30% of e-commerce transactions in Southeast Asia are from Malaysia. Despite that, online selling is still a young industry here in Malaysia.
While we have the big guns like Lazada, Zalora, Shoppr and the like leading the movement in Malaysia, a not insignificant number of transactions happen over Facebook and WhatsApp.
And with how rapidly things move here in Malaysia, the Domestic Trade, Cooperatives and Consumerism Ministry has been running to catch up with the equally high cases of fraud and irresponsible selling online.
Now, the ministry is going to start cracking down on sellers who only reveal prices after a PM.
One of the many objections to the whole “PM” issue is that the vendors are able to charge different consumers different prices, besides being able to mark up their prices at will depending on demand.
This enforcement actually comes under the jurisdiction of the Price Control Order (Indication of Price by Retailer) 1993 act.
To prevent haggling anarchy from ridiculous price hikes (think grocery shopping around Chinese New Year) the ministry specifically pointed out sellers who don’t prominently display prices.
And since e-commerce is in fact, commerce, online sellers also fall under the act’s powers.
According to the ministry’s enforcement director, Datuk Mohd Roslan Mahayudin, “We are fully enforcing this law after having relaxed on this to allow traders to adjust accordingly.”
“We have given them ample time. Now, they have to display their prices or we will go after them.”
As far as this law goes, sellers on sites like Lazada or Zalora aren’t affected.
Most of them comply with the law after all, by displaying their prices clearly on their stores, as per how these websites function anyway.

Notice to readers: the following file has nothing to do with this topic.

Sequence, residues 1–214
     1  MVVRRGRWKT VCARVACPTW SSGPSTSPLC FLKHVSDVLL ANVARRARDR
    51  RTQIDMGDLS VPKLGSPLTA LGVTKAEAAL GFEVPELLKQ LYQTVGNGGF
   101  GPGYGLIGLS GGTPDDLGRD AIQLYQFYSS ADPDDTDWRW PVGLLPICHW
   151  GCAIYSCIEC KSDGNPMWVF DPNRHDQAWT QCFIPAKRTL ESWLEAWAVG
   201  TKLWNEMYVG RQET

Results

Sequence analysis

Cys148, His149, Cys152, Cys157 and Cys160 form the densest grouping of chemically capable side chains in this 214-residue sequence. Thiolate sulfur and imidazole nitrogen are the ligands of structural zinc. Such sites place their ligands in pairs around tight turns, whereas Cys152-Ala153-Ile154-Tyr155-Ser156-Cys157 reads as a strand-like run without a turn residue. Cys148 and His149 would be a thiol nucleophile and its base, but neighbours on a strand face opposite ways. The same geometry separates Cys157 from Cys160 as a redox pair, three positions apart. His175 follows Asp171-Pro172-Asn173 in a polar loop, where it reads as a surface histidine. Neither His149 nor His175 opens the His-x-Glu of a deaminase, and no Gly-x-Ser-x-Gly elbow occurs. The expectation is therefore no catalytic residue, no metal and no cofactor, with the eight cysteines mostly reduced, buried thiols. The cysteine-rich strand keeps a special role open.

“Our problem is with those using social media to ply their trade,” said Roslan.
However, it’s not just about displaying prices on-site.
If you sell online (even on social media platforms like Instagram or Facebook), here’re the 8 requirements you have to make sure are displayed on your business, either on your page’s ‘about’, or in posting descriptions.
Failure to comply with any of the 8 requirements listed out by the ministry might get them a fine of up to RM50,000, or a jail term of not more than three years, or both.
Wait, what do you mean business registration number?
When most people talk about this new enforcement, they talk about how this would prevent the whole PM issue, and we can see this putting a dent in that.
But a more underrated aspect of those 8 pillars is how you need to display your company registration number as well, even if you’re just someone doing small-scale selling online.
There are exceptions for those who do one-off, personal sales online such as how Carousell works. But, as far as trying to earn consistent side-income by selling online on Facebook goes, you could be subject to crackdowns even if you display your prices clearly.
So be careful online sellers, and check your stores before you wreck yourselves.